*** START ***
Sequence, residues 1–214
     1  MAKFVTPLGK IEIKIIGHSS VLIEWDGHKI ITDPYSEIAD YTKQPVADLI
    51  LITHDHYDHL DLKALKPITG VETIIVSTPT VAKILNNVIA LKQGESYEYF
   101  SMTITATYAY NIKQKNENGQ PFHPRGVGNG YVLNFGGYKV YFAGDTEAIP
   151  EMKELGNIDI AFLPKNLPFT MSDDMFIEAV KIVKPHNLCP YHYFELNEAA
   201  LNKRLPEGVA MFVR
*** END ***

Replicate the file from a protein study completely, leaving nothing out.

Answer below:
Sequence, residues 1–214
     1  MAKFVTPLGK IEIKIIGHSS VLIEWDGHKI ITDPYSEIAD YTKQPVADLI
    51  LITHDHYDHL DLKALKPITG VETIIVSTPT VAKILNNVIA LKQGESYEYF
   101  SMTITATYAY NIKQKNENGQ PFHPRGVGNG YVLNFGGYKV YFAGDTEAIP
   151  EMKELGNIDI AFLPKNLPFT MSDDMFIEAV KIVKPHNLCP YHYFELNEAA
   201  LNKRLPEGVA MFVR